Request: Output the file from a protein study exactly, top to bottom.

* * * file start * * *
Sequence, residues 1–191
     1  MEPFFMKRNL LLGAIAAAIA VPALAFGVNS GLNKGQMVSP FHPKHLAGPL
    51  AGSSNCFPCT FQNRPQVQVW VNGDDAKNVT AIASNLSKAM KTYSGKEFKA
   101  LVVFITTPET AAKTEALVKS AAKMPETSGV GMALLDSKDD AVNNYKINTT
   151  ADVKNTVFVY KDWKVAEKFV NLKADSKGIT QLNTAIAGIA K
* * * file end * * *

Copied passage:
Sequence, residues 1–191
     1  MEPFFMKRNL LLGAIAAAIA VPALAFGVNS GLNKGQMVSP FHPKHLAGPL
    51  AGSSNCFPCT FQNRPQVQVW VNGDDAKNVT AIASNLSKAM KTYSGKEFKA
   101  LVVFITTPET AAKTEALVKS AAKMPETSGV GMALLDSKDD AVNNYKINTT
   151  ADVKNTVFVY KDWKVAEKFV NLKADSKGIT QLNTAIAGIA K